Is this going to be a repeat of players unable to play the coach’s system? Will it be the excuse of underachieving? When I hear of guys like Baertschi, Hudler, and Cervenka I think of possession and skill.

  • Franko J

    Great summarization of the state of the Flames.
    Excellent post as always.
    “Unfortunately, the second half run in 2012 was mostly a mirage. The Flames were (and remain) a fundamentally flawed club who are good enough to compete for a playoff spot, but several steps behind the true contenders in the league. The current construction of the team also makes a real step forward in the near future unlikely; in fact, with an aging core and lackluster collection of players in or near their prime, the Flames will probably continue to trend downwards.”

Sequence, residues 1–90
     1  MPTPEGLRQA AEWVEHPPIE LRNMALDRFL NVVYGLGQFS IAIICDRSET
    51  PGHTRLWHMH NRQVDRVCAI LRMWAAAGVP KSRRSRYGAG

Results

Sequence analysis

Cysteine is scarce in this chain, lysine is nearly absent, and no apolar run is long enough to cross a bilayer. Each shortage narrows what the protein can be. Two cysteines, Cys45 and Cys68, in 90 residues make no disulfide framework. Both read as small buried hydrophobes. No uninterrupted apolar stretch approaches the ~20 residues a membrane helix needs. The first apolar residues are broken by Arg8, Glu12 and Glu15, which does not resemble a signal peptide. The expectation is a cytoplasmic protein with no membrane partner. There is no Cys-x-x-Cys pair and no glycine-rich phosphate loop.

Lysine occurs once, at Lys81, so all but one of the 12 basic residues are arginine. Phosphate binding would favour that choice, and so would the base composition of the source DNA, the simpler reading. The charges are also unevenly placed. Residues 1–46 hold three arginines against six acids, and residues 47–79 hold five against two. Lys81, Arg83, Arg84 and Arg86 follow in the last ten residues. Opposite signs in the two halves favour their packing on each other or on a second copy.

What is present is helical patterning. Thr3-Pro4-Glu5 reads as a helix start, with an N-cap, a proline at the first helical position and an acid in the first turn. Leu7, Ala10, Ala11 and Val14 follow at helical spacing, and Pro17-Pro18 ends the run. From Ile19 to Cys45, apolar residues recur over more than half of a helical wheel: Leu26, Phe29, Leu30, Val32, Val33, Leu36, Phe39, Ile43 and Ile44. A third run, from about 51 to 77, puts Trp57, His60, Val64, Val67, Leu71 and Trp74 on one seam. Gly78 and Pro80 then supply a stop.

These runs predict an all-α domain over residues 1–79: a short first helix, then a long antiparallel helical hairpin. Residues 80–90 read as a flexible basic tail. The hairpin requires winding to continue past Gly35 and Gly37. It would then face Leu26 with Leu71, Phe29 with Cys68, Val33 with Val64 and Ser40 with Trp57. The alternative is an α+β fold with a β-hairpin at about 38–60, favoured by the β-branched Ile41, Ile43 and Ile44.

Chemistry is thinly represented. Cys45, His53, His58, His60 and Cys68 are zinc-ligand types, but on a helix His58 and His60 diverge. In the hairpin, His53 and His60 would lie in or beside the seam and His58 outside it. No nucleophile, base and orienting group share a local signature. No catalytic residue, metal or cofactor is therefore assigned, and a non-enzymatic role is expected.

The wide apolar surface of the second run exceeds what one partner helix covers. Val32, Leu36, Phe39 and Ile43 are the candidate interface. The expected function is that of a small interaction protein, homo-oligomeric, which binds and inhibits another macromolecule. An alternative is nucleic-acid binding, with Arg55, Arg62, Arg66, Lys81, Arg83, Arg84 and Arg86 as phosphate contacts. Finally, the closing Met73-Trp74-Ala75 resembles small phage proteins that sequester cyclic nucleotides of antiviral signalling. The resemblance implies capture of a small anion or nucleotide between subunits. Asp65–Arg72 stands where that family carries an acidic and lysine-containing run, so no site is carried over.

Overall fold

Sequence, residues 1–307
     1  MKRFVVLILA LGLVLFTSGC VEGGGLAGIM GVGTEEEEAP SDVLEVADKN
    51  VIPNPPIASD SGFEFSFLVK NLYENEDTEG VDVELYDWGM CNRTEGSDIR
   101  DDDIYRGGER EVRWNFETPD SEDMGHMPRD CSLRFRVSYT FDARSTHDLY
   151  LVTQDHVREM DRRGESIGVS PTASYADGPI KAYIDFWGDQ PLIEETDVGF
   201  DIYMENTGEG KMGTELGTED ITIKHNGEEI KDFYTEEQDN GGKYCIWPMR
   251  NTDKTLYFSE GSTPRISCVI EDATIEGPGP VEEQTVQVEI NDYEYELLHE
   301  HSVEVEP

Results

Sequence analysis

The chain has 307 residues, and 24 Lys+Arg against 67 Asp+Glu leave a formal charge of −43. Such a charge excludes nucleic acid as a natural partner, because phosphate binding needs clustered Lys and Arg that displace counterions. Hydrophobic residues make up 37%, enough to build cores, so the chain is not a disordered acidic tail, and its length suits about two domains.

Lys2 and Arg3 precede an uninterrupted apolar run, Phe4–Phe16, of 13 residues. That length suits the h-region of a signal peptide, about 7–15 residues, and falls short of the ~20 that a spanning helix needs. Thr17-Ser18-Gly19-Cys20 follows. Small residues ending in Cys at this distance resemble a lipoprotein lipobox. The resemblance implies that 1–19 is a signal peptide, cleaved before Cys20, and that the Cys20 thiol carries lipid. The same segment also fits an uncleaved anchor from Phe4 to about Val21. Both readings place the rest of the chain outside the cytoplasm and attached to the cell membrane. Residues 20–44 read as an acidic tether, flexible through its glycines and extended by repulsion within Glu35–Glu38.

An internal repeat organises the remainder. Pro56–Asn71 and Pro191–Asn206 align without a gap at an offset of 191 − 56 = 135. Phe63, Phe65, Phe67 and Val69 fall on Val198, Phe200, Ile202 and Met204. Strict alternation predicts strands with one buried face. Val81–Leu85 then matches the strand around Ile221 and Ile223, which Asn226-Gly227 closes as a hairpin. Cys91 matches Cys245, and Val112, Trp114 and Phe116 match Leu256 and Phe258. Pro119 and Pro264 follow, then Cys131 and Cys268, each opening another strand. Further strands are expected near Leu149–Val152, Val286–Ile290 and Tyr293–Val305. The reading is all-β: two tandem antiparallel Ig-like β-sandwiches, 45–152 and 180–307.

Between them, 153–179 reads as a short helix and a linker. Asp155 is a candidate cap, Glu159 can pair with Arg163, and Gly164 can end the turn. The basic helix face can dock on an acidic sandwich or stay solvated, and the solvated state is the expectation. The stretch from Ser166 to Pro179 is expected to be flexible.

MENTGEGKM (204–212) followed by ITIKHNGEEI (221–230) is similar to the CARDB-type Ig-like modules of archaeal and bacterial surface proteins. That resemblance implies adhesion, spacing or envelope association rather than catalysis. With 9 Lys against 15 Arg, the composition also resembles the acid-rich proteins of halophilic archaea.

• This comment is the most realistic assessment of the Flames I have read on FN.

    I’m in a wait and see approach with the Flames. For me the biggest wildcard in the mix will be the dynamic between the coaching staff and the players. Whether or not the coaches can get this group of players to finally over achieve for once.
    Eventhough this team on paper may have its flaws and warts so to speak, all I want as a fan is to see this team from first drop of the puck out work and out hustle the opposition on a nightly basis. Too many times in the past three seasons I was unimpressed more with the work ethic of this team than the talent.

  • RedMan

    Well organized synopsis.

    But, what does the coaching style and different game plan do to these players?